One of the key things with dying is that the family members aren’t aware of what the individual would have wanted, so they end up splurging thousands of pounds on funerals that they might not have wanted. So, for my dad, who’s still with us, I’ve told him I’m just chucking him in the back of a car and taking him to the recycling centre! And that’s what he would want. 

Yes, funeral poverty is a big issue – but at the same time a funeral doesn’t have to cost a lot of money. It could be that you have a simple service at home for that individual, and then you have a small cremation where the family gets to say goodbye.

In most cases, Mum and Dad would have wanted to be remembered by those they love, to be given a send-off that celebrates their life, and not to cost the family a small fortune. And by using the platform, they can decide what they want – this song, this hymn, this reading, this location. 

I know that, should something happen to me, my funeral’s going to be an absolute blast – because my life’s been incredible, and I want my send-off to be incredible. 

© Once I've Gone

Has Once I’ve Gone changed the way you talk about death with your family, and the way you think about your own death? 

Massively. I’m not afraid of death – don’t get me wrong. As a kid I always worried about Mum not being there, but as an adult I’ve never had a fear of death because I enjoy life so much. I think that if you understand that we are all mortal, you enjoy life far more than those individuals that choose to ignore it. 

On Sunday, we took my daughter to the beach in Newquay. We ran up and down the sand dunes, and I shot a couple of videos, and I’ve already uploaded them into Once I’ve Gone, so that those moments I’ve captured will be kept forever and given to my daughter at the time she needs it the most. So I don’t fear my own death; I just want to make sure that if something does happen to me, I’ve made life easier for those I love – and for my daughter to understand how loved she is. 

Have you come up against some people who just don’t want to talk about it? What are the challenges you’ve faced innovating in an industry that is still fairly taboo?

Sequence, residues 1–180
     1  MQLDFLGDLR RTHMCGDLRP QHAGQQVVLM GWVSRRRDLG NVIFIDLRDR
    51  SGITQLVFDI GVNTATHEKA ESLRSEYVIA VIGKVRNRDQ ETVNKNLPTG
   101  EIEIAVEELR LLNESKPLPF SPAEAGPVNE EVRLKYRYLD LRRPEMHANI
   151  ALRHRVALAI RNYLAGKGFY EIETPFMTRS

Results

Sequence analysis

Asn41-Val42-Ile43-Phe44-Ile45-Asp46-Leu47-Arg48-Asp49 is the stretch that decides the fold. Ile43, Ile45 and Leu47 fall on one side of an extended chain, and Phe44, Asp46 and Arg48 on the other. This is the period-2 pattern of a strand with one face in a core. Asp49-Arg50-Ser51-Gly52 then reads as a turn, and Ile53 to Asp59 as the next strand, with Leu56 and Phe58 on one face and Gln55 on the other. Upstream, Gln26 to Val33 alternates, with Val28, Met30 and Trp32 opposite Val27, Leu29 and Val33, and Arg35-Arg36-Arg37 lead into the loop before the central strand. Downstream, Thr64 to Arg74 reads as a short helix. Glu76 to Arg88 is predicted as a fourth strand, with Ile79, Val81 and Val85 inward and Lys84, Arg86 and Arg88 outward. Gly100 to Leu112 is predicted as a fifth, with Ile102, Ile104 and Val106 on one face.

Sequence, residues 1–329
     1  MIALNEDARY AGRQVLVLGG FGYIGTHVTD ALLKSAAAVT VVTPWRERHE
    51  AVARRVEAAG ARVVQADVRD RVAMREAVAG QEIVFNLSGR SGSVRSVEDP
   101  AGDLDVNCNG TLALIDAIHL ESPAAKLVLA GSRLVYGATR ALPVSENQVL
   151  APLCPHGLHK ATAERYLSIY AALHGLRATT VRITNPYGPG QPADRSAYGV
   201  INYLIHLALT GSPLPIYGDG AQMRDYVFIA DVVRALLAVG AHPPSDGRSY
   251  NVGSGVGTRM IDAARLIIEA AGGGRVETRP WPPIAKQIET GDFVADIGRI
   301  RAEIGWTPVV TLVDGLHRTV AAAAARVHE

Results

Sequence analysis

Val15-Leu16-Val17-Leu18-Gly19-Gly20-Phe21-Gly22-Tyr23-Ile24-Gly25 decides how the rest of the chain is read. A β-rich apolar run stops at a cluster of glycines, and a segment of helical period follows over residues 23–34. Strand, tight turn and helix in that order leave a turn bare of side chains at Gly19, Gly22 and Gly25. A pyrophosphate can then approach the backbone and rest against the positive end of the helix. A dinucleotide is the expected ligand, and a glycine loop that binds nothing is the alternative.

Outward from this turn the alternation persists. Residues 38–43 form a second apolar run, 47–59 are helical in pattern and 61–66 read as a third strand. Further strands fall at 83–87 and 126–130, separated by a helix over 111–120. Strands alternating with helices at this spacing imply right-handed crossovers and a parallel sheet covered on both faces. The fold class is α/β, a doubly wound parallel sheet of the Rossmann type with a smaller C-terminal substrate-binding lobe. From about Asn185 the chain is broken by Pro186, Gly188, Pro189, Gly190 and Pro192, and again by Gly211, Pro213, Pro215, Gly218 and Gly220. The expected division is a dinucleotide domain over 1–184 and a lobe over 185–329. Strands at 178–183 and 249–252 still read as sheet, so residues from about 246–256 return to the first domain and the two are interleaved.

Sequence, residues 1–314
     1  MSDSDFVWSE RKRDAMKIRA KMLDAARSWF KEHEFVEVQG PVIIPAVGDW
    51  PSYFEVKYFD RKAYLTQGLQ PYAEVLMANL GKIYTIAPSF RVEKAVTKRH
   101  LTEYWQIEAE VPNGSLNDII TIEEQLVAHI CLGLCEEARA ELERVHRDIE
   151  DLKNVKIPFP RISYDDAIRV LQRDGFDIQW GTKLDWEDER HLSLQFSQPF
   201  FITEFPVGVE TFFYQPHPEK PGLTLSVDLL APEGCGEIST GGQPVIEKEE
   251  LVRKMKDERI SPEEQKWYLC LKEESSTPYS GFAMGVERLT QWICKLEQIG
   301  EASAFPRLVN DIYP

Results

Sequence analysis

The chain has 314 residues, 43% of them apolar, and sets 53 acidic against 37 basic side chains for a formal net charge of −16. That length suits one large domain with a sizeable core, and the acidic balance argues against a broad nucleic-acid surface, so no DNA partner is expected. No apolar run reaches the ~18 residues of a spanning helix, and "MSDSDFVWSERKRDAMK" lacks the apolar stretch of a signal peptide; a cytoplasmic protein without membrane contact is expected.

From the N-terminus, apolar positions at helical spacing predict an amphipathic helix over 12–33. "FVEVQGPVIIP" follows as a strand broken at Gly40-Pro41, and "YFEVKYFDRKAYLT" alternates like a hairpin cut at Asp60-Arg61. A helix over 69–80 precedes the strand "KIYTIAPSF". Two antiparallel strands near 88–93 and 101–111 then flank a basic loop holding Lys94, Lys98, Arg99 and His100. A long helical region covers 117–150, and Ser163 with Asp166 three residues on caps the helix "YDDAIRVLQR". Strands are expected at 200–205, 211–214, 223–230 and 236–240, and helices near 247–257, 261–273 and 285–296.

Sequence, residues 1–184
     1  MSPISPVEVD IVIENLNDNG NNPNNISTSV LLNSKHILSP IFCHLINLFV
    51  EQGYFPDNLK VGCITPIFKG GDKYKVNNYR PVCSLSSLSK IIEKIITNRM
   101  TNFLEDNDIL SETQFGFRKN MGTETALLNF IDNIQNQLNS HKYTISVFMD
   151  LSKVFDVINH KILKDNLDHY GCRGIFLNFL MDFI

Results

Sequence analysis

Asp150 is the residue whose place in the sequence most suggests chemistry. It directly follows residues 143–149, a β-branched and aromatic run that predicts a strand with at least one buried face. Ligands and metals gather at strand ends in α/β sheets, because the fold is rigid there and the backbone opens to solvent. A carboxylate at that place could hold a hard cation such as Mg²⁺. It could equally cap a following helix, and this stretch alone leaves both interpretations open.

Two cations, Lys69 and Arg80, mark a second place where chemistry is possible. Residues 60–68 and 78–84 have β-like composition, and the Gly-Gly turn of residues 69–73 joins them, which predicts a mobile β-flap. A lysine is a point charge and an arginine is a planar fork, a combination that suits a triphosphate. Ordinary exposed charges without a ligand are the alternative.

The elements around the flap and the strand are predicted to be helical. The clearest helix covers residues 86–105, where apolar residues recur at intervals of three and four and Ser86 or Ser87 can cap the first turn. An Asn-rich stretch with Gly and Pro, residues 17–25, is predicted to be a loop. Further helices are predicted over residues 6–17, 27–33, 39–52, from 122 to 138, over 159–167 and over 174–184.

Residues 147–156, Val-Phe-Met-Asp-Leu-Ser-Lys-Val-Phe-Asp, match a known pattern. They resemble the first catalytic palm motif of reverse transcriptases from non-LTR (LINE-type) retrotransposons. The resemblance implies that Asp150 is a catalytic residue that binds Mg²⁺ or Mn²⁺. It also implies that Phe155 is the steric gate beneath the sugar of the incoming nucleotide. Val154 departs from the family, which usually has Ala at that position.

With COVID, it’s become clear that – because we hear about death statistics, not about how many people have been saved every day – we live in a society where fear is suggested to us on a daily basis. 

But the organisations we work with in the end of life sector automatically know the importance of planning for a good death. So yes, there are people out there that simply don’t want to talk about death, but I think they’re in the minority these days. It’s something we all need to address. 

What next for Once I’ve Gone? 

One of the key things is letting people know we’re out there! In May, we launched our partnership platform, where organisations can use Once I’ve Gone with their own clients. We’re always looking to work with exciting firms who understand the need for a digital legacy, but don’t have the technology to do it themselves. We’re looking to form lifelong strategic relationships with wealth managers, estate planners, financial advisors – and also with charities in the end of life sector. 

Our platform is massively complementary to the likes of Farewill and other organisations. It works well with a solicitor who wants to help their client. We’re very much a non-competitive platform, looking to work with organisations who really value their clients; and for us, seeing how technology is changing has been an incredible journey. You can see that people are using Once I’ve Gone more and more, because it’s simple. 

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Ian Dibb

14 October 2020 / 07H03
Updated 14 October 2020